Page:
Suzanne: [41:59] And he said, well, my first three years was with my mother and she gave me the best foundation of learning that I could ever have. And I think is about this. If we give children the best foundation to explore and to discover all these voices, all these hundred languages, then they have that as their resources as like that extra pocket in life that when they get the chance to put their hand in their pocket and pull out these resources that they can do school maybe not giving them the chance but they will be there and once they do get the time. So I don’t think it’s wasted. I think maybe it’s a little bit frustrating for them in the beginning not to be able to continue to express themselves, but I think it will give them an upper hand in life that’s coming on because we don’t know what the future’s going to hold anyway. We need to give them the possibility to use all hundred languages because we never know which of these hundred languages is going to be the most useful, possibly 80 of them.
Jen: [43:08] Yeah. And that’s a really powerful thing to understand that even even though they’re learning in school is very different from the learning in a Reggio based environment that it can still be useful. And I think my personal philosophy is leaning towards homeschooling and why even get yourself into the situation where you’re in that very behaviorist based learning environment and the teacher is pouring the knowledge and, and why not just continue with something that allows for much more self expression.
Suzanne: [43:37] I would do that here, but it’s illegal in Sweden.
Jen: [43:42] Oh it is? Mmm. Yeah. I Germany is the only other place I know that it’s illegal. I’m sure there are one or two others, but we’re lucky in the US there are varying degrees of requirements at the state level. Some are more stringent than others, but it’s legal in all 50 states. So yeah, we are lucky in that regard. So. Okay. So as we wrap up here, I’m wondering if you can tell us maybe some of your favorite resources to direct parents towards who might be interested in learning more about whether Reggio Emilia could be a good fit for their family because we mentioned the hundred languages of children book, but it’s a little bit dense for the first time a readers on the Reggio approach. So I maybe wouldn’t recognize, recommend that as kind of a starter text,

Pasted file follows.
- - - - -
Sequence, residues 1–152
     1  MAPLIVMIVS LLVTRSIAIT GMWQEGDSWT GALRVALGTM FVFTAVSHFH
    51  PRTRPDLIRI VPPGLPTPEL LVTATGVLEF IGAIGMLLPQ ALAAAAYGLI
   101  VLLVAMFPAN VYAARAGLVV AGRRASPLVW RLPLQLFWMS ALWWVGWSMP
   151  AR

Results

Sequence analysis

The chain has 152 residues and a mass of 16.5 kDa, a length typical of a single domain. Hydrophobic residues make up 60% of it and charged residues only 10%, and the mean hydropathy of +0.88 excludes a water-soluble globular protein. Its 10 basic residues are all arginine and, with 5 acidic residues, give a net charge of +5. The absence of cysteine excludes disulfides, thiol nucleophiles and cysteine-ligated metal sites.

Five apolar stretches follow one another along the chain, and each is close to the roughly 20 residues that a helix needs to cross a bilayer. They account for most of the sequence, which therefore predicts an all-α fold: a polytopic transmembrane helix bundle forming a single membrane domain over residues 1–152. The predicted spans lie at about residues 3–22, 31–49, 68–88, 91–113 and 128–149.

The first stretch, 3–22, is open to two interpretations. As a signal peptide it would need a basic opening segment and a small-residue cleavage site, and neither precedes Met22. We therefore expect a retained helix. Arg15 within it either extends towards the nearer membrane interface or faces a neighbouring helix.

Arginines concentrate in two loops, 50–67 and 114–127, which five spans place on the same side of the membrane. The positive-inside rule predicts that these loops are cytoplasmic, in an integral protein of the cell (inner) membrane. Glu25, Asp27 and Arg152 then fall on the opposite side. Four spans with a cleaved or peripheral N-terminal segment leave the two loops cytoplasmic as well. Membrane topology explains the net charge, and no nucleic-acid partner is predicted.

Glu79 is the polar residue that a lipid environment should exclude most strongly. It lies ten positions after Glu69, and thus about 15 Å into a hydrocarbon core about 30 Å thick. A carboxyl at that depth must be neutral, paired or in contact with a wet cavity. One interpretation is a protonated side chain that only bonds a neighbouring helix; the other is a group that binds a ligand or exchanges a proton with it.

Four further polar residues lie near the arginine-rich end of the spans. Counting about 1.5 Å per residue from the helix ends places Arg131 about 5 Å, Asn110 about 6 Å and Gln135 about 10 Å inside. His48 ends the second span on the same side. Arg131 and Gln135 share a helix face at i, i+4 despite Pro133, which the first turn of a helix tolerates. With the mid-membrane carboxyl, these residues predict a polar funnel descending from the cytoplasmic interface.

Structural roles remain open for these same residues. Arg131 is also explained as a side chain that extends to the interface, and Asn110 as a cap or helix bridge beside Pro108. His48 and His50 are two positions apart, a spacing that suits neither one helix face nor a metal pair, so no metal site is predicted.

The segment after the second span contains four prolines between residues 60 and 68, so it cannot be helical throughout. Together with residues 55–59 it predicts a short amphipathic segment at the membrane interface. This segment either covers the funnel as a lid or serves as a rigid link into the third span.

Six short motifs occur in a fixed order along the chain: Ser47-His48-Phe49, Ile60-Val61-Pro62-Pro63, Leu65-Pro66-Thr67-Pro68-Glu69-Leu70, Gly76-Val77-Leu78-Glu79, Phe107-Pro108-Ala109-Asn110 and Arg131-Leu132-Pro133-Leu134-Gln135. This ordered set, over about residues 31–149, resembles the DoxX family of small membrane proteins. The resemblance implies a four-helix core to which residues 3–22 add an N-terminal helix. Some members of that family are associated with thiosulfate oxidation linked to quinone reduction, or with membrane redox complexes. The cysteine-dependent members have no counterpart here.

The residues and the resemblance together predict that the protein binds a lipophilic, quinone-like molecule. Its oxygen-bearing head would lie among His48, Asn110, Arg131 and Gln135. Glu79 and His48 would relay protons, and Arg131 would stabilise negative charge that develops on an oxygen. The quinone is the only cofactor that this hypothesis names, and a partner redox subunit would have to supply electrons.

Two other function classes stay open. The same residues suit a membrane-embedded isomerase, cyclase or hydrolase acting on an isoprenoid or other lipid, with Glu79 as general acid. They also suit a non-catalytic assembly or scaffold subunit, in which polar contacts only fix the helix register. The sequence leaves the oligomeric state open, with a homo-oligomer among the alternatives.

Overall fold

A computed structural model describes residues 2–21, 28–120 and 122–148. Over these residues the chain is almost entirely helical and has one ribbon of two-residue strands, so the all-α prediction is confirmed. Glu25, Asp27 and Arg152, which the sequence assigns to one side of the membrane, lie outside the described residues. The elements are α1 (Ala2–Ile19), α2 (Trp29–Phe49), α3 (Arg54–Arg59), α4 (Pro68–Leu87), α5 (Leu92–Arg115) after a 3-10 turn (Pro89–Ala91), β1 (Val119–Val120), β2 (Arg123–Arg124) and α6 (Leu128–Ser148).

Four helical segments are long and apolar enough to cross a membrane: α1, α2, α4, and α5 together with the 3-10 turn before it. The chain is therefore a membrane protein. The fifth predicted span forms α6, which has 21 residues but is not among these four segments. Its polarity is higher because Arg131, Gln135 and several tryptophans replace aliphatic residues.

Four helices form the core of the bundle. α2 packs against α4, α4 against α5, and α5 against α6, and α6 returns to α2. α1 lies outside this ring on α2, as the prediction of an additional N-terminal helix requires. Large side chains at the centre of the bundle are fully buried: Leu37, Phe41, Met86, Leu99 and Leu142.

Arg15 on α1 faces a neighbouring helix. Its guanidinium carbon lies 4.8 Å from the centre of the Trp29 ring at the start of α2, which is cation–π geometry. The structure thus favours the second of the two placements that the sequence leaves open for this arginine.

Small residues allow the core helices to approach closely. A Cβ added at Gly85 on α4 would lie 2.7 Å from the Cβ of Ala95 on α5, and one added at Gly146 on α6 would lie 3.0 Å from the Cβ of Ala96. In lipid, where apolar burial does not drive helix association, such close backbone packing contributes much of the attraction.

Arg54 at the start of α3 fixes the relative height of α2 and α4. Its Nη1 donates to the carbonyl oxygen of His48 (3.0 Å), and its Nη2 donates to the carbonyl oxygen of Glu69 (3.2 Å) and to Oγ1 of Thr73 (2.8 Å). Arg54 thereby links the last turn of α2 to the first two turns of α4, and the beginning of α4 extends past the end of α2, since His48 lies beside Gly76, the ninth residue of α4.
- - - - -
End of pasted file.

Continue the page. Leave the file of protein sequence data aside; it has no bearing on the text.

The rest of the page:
Suzanne: [44:19] I think there’s a lot of web pages and blogs and things like that can be very interesting to read. But then there’s just going directly to Reggio Children; their actual page can tell you a little bit more about it. The NAEYC will tell you about the Reggio Emilia approach and there’s the North American Reggio Alliance. There’s were plenty of information on there from an American point of view because I read quite a lot of Swedish books and it was um, two Swedish women who went to read your million the beginning and started off the whole thing on it getting bigger in the world with the first study tour and exhibition. Not The wonder of learning; the first one that they had. It’s gone from my head. But there’s an awful lot. I mean they, the whole, I think going and googling and finding what is your own appropriate way of finding… Because most of my resources are in Swedish rather than English and there books and the other media kinds of approaching the Reggio Emilia approach, but definitely the North American Reggio Alliance website, parents should check that to see what they expect the teachers to be doing and what they expect and how they support preschools in America, I think it would be the most relevant.
Jen: [45:56] All right. Well thank you so much for sharing your thoughts with us today. I know it’s late in Sweden and getting close to dinner time, so I really appreciate your taking the time to talk with us.